Military clueless of Iqbal’s real name, Catapang admits
The Armed Forces of the Philippines (AFP) chief of staff General Gregorio Catapang admitted before senators Monday that the military did not know the real name of Moro Islamic Liberation Front (MILF) peace panel chair Mohagher Iqbal.
During the resumption of the hearings on the proposed Bangsamoro Basic Law (BBL) in the Senate, Catapang said the military did not have any record of Iqbal’s real name in spite of the him engaging in peace talks with the government for 15 years.
“To my knowledge, we don’t know the real name of Iqbal,” the Armed Forces chief of staff said.
An alias all along
Iqbal, head of the MILF’s negotiating panel talking peace with the government, has admitted that he had been using an alias — a nom de guerre — all along.
Senator Francis Escudero found it odd that the military never found out Iqbal’s real name in the four decades of the Moro rebellion.
“Sa 42 years na pakikipaglaban ng Moro rebels sa Mindanao, the AFP never thought it is relevant to find out the real name of the leader of the revolutionary group?” Escudero said.
Senators critical of Iqbal’s use of alias said the nom de guerre put to question the sincerity of the MILF in the peace process that will be implemented by the BBL.
This developed as Senate President Franklin Drilon joined calls for the MILF chief negotiator to reveal his true identity.
No effect on peace deal
Drilon, a former justice secretary, made the appeal even as he said that the issue on Iqbal’s identity would not affect the peace agreement between the government and the MILF.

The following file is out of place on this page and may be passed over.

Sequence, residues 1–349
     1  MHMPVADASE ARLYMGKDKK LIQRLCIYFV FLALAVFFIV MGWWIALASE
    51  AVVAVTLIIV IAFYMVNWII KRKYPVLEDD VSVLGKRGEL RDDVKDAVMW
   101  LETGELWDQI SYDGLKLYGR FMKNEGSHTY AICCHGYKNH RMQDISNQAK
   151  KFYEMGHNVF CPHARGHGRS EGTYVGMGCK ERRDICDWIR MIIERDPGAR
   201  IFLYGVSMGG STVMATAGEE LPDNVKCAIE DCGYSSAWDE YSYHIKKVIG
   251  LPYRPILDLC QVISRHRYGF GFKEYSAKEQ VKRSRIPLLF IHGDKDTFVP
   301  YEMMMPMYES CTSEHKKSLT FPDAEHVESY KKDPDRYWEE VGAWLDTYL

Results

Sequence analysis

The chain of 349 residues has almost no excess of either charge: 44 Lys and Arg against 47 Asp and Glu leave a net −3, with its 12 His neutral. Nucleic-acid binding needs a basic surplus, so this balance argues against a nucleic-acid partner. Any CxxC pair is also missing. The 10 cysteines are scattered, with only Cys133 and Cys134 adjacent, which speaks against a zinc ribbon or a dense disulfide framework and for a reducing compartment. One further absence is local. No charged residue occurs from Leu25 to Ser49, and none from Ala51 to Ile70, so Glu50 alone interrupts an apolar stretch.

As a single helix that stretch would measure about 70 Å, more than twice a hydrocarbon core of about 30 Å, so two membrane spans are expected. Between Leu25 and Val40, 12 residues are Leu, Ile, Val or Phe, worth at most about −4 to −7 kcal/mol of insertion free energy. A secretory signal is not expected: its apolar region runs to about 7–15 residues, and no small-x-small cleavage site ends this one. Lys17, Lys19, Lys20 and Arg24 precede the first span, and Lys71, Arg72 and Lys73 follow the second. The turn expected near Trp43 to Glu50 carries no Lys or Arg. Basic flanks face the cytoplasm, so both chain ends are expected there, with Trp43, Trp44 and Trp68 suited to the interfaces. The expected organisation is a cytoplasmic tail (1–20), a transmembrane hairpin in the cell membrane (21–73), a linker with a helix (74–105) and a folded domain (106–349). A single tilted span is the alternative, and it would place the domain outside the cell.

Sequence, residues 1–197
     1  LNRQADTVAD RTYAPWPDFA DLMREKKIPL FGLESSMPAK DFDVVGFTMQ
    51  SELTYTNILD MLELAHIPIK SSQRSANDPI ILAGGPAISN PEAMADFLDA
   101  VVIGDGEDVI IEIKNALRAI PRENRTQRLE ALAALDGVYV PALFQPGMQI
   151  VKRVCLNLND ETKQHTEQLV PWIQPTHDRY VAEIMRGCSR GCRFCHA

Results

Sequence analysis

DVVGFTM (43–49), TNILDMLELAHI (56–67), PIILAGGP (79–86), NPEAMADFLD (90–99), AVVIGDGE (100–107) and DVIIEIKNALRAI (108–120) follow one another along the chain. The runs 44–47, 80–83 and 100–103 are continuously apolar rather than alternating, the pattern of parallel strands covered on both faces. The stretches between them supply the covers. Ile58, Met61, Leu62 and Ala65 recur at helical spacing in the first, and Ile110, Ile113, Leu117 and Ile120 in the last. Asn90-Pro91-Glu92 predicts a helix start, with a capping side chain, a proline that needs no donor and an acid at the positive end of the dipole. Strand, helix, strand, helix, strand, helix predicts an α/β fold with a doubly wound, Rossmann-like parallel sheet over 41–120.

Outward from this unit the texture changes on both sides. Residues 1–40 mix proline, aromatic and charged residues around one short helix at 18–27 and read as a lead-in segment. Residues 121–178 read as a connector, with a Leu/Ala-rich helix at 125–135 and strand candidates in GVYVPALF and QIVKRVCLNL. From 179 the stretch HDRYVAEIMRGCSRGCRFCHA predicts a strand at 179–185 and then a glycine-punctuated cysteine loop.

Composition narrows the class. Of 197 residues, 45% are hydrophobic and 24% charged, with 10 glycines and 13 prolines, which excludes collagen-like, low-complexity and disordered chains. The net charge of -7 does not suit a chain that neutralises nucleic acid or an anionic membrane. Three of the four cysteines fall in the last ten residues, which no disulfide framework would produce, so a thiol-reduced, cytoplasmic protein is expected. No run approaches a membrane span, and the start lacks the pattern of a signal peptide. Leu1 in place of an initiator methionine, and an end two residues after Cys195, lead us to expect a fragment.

“The use of a nom de guerre by Iqbal in signing the peace agreement does not constitute any legal violation, for both parties involved fully recognized Iqbal as the MILF’s chief negotiator in the peace process,” he said in a statement.
“What is important is that the MILF will honor and fulfill its obligations under the peace agreement,” the Senate president added.
He pointed out that in the Senate itself, several senators have signed official documents, committee reports and bills using nicknames. Among these are Senators Jinggoy Estrada, whose real name is Jose Pimentel Ejercito, and Ramon Revilla Jr., who was born with the name of Jose Marie Mortel Bautista.
Still, the Senate leader urged Iqbal to reveal his real name in order to help address misconceptions about the MILF’s commitment to the peace process.
Drilon said this could be an “important confidence-building measure that can alleviate doubts on the organization’s sincerity and commitment towards peace.”
Iqbal is accused of using different names in his passports especially after the Bureau of Immigration said the name “Mohagher Iqbal” was not in its records.
Speculations is also rife that Iqbal is a Malasyian. An allegation that Iqbal has denied.
The peace panel and even Justice Secretary Leila De Lima have said Iqbal’s use of an alias does not invalidate the peace deal documents.
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